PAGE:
And you never really disagreed with this. You only said that "purely" intellectual decisions could never be made. I look forward to your feedback.

Beowulf,

== Kevin believes that I never answered his query. Well, I did, using only the sample of people that I personally know, plus asample of more famous people who I have read about (such as Samuel Clemens) who have lost faith in God. In not a single case is their decision to leave the Church or disbelieve in God based on intellectual foundations. NOT ONE.

This is absurd. You made a blanket statement that says every single ex-Mormon on the planet fits into your little (mis)characterization, and to prove it you offer your psychoanalysis of a very few you happen to know personally. Your response does nothing to vindicate your initial claim. You made it perfectly clear that ex-Mormons (not just the ones you know) do not leave for intellectual reasons. Even more puzzling is your statement that they do not leave because of "knowledge." You essentially tried to hijack the concept of knowledge and intellectual in a manner that would forbid ex-Mormons from using it. Your attempt failed miserably, and you might want to look over Wade's recent lesson on the fallacy of inductive reasoning here: http://www.fairboards.org/index.php?showtopic=6643&st=120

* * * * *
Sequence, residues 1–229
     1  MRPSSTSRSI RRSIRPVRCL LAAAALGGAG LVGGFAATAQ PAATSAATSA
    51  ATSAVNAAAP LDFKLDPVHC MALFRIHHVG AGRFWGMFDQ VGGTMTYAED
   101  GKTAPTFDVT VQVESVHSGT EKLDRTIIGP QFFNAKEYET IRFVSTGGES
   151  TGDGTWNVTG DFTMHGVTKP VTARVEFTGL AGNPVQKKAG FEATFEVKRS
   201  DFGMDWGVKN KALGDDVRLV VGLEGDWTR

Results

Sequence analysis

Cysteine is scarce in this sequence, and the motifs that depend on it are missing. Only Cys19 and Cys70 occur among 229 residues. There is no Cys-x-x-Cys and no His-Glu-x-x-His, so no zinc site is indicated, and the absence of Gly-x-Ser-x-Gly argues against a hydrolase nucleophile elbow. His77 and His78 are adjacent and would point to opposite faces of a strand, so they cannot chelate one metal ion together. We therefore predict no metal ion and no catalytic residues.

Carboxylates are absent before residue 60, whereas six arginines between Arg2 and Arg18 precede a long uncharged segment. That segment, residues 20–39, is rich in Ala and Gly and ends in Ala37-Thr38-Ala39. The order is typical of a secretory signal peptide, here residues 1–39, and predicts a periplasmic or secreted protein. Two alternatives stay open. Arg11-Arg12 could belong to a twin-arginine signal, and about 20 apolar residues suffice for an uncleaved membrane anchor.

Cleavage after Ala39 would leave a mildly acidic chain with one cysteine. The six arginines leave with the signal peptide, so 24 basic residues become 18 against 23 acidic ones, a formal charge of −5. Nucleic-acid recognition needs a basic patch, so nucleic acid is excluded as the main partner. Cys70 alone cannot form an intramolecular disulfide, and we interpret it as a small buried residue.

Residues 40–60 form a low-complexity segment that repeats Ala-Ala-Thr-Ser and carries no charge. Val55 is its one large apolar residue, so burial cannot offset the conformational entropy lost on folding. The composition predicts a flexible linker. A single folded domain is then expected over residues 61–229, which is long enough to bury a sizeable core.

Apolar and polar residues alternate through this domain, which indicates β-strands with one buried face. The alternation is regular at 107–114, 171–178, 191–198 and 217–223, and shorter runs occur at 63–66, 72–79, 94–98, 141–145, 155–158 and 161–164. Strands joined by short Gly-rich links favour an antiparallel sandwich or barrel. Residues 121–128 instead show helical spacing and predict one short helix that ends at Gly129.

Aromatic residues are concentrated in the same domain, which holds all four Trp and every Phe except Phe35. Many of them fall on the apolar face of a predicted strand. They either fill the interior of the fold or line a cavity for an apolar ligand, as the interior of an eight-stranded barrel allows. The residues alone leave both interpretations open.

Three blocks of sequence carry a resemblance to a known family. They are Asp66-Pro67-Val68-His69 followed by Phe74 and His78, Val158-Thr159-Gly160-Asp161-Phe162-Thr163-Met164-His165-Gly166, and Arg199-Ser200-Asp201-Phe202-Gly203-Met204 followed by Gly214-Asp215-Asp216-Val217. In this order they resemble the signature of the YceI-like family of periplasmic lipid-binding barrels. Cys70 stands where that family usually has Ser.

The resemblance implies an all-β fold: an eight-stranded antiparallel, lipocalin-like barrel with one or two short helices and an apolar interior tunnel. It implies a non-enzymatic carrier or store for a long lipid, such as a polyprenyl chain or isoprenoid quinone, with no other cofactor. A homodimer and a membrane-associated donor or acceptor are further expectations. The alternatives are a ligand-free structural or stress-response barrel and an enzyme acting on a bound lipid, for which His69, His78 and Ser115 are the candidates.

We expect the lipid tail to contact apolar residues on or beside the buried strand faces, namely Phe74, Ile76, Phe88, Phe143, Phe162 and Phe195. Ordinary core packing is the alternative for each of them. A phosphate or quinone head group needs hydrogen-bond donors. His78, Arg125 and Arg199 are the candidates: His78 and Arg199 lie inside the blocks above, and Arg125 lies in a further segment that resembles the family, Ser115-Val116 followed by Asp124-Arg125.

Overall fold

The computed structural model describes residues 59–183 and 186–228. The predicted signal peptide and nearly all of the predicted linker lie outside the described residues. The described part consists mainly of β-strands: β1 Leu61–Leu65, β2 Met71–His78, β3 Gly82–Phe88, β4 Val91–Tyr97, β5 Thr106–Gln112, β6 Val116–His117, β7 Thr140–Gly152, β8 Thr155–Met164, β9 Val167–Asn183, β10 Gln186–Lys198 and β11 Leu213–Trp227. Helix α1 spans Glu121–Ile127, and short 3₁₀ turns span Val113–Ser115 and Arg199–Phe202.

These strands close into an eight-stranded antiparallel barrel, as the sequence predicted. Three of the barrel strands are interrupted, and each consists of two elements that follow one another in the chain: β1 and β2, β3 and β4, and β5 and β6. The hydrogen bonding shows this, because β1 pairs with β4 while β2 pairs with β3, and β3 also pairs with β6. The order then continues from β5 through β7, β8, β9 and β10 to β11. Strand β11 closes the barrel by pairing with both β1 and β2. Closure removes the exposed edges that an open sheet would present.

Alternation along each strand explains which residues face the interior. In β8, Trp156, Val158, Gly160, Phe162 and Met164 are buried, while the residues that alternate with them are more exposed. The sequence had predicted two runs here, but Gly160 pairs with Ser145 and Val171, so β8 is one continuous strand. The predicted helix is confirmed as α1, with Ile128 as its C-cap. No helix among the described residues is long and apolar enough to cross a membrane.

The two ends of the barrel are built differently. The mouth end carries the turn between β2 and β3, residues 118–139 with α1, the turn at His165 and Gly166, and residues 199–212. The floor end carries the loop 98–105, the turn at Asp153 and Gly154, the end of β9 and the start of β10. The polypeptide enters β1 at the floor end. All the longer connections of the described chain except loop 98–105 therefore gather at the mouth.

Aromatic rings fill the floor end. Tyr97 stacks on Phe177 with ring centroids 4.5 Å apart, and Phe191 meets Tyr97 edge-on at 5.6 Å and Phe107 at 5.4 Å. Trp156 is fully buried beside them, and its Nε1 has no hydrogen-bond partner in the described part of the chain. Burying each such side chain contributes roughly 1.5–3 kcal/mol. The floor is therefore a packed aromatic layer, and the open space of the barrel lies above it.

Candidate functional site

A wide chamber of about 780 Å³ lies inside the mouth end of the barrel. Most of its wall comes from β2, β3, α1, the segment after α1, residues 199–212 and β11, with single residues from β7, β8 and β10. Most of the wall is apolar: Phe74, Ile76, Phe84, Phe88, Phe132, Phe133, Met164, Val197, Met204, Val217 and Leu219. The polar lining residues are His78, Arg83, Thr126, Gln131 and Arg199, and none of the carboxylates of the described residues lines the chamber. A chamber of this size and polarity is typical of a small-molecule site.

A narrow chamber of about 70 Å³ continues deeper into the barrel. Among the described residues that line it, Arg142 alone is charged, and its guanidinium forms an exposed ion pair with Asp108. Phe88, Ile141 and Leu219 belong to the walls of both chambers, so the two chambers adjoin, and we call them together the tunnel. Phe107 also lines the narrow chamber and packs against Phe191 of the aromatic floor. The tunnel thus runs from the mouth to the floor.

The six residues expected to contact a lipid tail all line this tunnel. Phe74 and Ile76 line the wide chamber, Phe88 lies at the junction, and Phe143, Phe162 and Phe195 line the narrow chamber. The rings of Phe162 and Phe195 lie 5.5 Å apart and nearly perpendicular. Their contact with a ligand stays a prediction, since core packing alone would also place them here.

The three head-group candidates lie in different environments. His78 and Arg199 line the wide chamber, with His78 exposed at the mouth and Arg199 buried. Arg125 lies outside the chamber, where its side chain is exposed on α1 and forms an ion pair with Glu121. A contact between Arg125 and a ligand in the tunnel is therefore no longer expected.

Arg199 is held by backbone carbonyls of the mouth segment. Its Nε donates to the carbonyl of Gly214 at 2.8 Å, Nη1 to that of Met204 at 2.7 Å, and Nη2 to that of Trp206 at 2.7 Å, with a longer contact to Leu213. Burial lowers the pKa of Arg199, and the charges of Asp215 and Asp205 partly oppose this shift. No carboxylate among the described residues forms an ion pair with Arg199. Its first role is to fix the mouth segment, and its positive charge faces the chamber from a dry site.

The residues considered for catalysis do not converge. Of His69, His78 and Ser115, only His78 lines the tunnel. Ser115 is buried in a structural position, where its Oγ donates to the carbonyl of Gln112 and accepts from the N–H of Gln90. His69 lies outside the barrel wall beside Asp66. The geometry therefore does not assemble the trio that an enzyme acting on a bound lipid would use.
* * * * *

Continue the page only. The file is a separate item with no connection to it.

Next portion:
This is truly great stuff. In fact, I'm compelled to quote it:

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Fair enough. But aside from Blomberg and Shipps, how many LDS are in any way familiar with the rest? I'd guess less than 1% of the Mormon membership has read anything about others to even make a judgment as to whether or not they are critical of the faith.